When they had advanced fifty feet from the cove something squirmed from a barnacled fissure not five yards from where they had landed. Silently a long body slithered to the water’s edge. Doubled up so as not to project against the gloomy skyline, McCann waded the short distance to the Margaret M. and pulled himself over the familiar bulwarks. In a moment he had possessed himself of the boathook and was laboriously poling the craft out into deep water. When he could no longer touch bottom he moved quickly to the engineroom hatch.
F'or the first time in the eventful night he emitted an exclamation of alarm. Below, in the lighted cavern there was a sudden movement. A ghastly, blood-smeared face, set on a sturdy neck, confronted him. It was Davie - alive!
In an instant Angus was his customary unexcitable self.
“Don’t cry out, lad,” he hissed. “Everything’ll be all right. Are you fit enough to get the screwturning?”
GORY bewilderment was on the boy’s face and he seemed on the point of starting a prolonged conversation. Gradually, however, he came to his senses and bent over the engine.
“All set,” he said.
“See that she’s w-ell primed,” admonished Angus. “She’s got to start on the first kick. The moment she takes hold shoot her straight astern.”
“Aye,” assented Davie, though his voice was alive with painful curiosity.
Old McCann took his place at the wheel and waited. Half a dozen times he imagined he distinguished the forms of the armed men looming large on the shore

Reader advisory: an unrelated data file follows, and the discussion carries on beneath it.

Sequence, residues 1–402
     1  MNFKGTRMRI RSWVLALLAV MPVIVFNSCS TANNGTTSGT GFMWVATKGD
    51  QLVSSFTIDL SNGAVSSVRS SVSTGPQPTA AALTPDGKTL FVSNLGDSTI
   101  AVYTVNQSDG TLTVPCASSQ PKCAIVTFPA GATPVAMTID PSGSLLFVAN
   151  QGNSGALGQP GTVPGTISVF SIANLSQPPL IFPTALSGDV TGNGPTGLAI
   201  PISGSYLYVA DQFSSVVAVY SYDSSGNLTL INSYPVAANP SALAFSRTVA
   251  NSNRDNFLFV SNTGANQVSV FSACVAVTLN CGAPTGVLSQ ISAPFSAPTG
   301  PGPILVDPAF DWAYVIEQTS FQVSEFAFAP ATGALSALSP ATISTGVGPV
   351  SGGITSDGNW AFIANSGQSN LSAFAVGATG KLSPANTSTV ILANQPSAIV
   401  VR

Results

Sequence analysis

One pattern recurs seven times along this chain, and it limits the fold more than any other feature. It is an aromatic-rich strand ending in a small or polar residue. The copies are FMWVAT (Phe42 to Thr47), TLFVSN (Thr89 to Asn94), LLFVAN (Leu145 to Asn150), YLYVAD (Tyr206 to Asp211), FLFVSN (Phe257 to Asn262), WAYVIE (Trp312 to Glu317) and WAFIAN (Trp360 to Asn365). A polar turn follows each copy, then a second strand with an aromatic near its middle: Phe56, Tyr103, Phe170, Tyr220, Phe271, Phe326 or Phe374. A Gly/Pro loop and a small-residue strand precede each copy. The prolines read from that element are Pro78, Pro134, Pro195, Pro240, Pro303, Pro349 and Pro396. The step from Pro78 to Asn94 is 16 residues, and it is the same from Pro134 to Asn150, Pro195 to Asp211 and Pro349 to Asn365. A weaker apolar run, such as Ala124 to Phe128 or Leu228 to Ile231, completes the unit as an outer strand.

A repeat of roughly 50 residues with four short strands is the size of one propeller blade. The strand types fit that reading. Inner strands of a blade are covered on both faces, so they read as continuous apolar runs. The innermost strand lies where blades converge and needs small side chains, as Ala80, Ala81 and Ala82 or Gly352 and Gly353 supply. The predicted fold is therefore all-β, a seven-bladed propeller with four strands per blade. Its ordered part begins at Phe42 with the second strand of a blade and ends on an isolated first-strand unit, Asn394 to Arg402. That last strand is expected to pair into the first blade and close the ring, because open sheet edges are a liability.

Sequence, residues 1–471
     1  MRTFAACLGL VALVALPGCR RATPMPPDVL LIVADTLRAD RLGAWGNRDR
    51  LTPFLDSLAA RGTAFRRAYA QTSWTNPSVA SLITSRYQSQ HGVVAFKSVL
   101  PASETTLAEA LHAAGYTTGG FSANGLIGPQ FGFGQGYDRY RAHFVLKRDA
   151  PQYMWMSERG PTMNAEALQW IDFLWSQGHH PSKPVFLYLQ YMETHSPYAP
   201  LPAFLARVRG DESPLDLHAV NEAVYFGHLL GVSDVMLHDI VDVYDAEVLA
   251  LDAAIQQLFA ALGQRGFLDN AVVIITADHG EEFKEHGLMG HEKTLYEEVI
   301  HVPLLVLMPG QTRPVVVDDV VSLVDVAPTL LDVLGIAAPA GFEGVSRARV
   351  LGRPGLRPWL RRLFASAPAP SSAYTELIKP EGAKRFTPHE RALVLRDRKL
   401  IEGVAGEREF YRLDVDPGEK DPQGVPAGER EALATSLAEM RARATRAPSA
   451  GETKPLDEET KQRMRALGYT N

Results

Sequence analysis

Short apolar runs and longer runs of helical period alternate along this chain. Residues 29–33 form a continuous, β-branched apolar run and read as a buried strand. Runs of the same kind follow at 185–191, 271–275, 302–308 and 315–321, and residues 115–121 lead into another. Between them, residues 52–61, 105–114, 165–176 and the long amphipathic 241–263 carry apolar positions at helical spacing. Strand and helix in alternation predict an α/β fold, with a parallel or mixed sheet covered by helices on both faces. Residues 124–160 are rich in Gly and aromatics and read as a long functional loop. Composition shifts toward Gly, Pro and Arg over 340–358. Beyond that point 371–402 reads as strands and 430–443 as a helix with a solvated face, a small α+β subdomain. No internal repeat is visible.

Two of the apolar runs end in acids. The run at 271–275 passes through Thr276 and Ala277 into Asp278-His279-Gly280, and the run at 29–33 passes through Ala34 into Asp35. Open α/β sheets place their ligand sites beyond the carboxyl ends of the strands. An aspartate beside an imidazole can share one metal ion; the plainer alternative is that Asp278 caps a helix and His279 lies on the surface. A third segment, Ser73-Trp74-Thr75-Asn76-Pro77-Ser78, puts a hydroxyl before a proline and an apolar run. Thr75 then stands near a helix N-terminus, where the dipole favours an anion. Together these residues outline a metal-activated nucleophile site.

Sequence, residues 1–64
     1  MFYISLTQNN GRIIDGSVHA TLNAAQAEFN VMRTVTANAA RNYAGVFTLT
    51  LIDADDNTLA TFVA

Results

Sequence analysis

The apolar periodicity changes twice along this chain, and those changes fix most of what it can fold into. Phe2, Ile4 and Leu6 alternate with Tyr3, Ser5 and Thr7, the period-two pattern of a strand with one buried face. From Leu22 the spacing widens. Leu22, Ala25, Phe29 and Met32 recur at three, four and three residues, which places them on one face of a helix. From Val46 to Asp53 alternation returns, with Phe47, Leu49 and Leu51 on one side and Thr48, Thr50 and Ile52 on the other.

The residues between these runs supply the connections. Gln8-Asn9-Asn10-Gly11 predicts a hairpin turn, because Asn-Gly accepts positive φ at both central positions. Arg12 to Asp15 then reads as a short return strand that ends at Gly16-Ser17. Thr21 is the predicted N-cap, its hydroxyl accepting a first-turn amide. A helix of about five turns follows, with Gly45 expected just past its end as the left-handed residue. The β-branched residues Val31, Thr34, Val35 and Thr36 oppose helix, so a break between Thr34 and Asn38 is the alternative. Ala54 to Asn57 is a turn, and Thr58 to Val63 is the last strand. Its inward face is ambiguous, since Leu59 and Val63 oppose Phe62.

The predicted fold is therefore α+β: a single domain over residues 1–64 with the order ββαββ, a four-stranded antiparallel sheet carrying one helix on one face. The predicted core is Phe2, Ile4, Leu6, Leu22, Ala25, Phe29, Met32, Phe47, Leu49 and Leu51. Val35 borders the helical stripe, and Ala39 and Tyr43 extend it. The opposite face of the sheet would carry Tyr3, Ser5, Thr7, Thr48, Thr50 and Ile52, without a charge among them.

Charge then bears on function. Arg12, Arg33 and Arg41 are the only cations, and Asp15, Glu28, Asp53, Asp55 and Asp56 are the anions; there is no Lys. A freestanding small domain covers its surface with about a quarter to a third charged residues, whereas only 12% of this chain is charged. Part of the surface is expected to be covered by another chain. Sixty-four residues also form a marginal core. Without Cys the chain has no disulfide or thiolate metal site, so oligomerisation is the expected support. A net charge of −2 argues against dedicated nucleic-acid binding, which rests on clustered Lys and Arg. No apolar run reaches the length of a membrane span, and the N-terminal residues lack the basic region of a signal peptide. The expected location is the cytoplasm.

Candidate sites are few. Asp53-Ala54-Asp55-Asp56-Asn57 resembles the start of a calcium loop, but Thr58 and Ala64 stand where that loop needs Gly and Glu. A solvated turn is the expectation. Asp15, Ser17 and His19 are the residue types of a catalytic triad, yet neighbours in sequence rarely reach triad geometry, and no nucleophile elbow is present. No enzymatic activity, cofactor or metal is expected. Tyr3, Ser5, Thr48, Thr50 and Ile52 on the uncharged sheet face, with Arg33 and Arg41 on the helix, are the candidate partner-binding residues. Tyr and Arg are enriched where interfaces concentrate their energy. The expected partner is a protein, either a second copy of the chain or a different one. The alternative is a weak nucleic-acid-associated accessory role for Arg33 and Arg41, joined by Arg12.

twenty feet distant. His heart was beating like a triphammer. He decided that he was rather enjoying himself. Then the engine wheezed, coughed and exploded into action.
An enraged shout broke from the island, but Angus had little time to pay attention to it. He was too busily engaged in backing the boat from the cove. Ten seconds later the Margaret M. was out in the solemnly rolling waters of the open Strait.
When he had half a mile of sea between himself and his stranded adversaries, Angus came about and rang “Stop.” Anxiously he dived below to the still stupefied Davie.
“Badly hurt, lad?” he demanded.
“Feels as though my head’s been kicked in, but it’s only a crease, I think,” replied the younger McCann, rubbing the ugly flesh wound above his temple tenderly. “What’s it all about? Where’s the scum who shot me? When—”
“Pipe down and let me put a bit of rag about it,” interrupted Angus with rough solicitude. “ Y our shooting friend’s all right. He and his mate are on Black Reef waiting for high water.”
“Eh?” puzzled Davie.